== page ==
Eye Health and Aging
By Family Features
As you age, your body goes through many changes, including differences in eyesight which can negatively affect day-to-day activities.
You may have noticed these differences while trying to read the morning paper or getting dressed for the day. While this change – also known as presbyopia – is normal (even for individuals who have always had perfect vision), it can disrupt the lives of those affected. Luckily there are ways to make these vision changes less noticeable and less impactful on daily life.
“It’s important for people to understand that what happens between 40 and 50 years old to our eyes up close is completely normal,” said Howard Purcell, O.D. and senior vice president of customer development for Essilor of America, the creators of Varilux lenses, the leading progressive lens solution for presbyopia patients.
While presbyopia affects most people over the age of 45, more than half of those with it don’t receive adequate correction. In fact, it’s estimated that by 2020, 2.3 billion people will have this condition and will require some type of correction.
Understanding the eyes
According to Dr. Purcell, understanding this typical anatomical change in aging eyes is simple. The lens inside the eye needs to change shape to allow focus on objects, whether they are near or far. This lens grows throughout human life; but around 40 years of age, it isn’t as flexible as it was in younger years. This is around the time when the common issues associated with presbyopia begin to appear.
Dr. Purcell emphasizes the importance of routine eye exams, not only to evaluate the condition of the eyes, but to ensure systemic health is on point as well. Your optometrist can determine early warning signs of hypertension, diabetes and more – just by looking at your eyes.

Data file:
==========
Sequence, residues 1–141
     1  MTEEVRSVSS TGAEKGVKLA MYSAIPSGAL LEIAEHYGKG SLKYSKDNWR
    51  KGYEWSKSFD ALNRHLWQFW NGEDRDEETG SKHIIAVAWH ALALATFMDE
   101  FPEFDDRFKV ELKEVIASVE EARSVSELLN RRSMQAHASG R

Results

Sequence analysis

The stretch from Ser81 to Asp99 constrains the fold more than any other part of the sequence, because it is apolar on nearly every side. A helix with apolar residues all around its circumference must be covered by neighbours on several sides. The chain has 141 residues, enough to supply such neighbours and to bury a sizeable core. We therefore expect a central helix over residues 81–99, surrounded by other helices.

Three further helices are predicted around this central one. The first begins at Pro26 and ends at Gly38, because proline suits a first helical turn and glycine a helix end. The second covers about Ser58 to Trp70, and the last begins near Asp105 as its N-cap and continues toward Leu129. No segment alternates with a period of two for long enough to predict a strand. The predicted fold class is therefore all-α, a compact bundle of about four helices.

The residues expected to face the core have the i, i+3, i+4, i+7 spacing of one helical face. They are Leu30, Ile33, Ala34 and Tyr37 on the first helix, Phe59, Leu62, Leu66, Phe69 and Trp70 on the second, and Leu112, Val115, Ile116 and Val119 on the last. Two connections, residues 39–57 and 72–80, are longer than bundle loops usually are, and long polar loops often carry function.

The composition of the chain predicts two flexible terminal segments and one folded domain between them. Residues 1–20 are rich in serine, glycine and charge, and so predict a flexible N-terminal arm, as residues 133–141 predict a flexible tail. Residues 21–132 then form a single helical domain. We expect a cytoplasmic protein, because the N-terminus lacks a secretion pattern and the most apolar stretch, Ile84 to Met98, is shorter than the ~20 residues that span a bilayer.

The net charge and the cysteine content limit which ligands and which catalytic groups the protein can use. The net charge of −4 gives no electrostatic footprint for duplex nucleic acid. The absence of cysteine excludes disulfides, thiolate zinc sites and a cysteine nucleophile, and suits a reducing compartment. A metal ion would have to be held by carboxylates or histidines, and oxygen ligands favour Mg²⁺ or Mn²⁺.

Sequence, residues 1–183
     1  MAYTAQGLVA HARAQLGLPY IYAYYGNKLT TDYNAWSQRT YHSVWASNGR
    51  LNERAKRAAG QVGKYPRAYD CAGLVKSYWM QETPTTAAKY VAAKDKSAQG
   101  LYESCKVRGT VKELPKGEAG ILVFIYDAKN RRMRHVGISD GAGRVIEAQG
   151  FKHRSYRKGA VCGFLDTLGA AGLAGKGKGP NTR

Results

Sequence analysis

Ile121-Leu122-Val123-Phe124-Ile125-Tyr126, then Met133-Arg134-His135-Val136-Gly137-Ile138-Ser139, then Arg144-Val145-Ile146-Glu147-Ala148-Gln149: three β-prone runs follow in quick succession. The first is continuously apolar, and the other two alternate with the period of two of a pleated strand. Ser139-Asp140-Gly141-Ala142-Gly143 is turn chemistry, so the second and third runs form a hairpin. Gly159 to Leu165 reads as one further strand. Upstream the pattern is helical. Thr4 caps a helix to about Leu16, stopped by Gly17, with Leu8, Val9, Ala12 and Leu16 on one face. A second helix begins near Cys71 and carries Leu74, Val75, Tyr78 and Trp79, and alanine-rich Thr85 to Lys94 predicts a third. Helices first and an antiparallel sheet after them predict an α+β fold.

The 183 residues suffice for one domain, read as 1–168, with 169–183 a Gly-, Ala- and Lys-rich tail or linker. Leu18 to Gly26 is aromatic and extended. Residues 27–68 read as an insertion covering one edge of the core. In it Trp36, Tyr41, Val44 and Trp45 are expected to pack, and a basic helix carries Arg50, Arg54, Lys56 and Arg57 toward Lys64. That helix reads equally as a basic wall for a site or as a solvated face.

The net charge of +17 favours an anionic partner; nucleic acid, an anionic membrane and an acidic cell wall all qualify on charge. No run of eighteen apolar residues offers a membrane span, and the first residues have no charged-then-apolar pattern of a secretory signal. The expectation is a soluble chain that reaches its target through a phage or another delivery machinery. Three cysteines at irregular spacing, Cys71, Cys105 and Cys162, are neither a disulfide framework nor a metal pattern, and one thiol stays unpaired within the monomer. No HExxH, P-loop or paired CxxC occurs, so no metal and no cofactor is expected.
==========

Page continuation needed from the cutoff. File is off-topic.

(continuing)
A progressive approach
While many individuals with deteriorating eyesight turn to bifocals for their vision needs, progressive lenses may be a better solution. Progressive lenses transition from distance vision to near vision without the visible line associated with bifocal lenses. The use of high quality progressive lenses has been known to ease eye strain and provide natural vision correction.
Many patients believe there is only one progressive lens product available, which is not the case. In fact, those who have tried progressive lenses in the past without success should know that new, innovative options are available. Varilux progressive lenses, the first ever and still the leading progressive lens product and only provider of W.A.V.E. Technology: Wavefront Advanced Vision Enhancement, offers the wearer sharpness of vision and smooth viewing transitions at every distance.
It is important to speak to your doctor about your own individual visual needs, and it is equally vital to know you have a choice in the lenses you wear every day. For more information about presbyopia and Varilux lenses, visit www.varilux.com.
Photo courtesy of Getty Images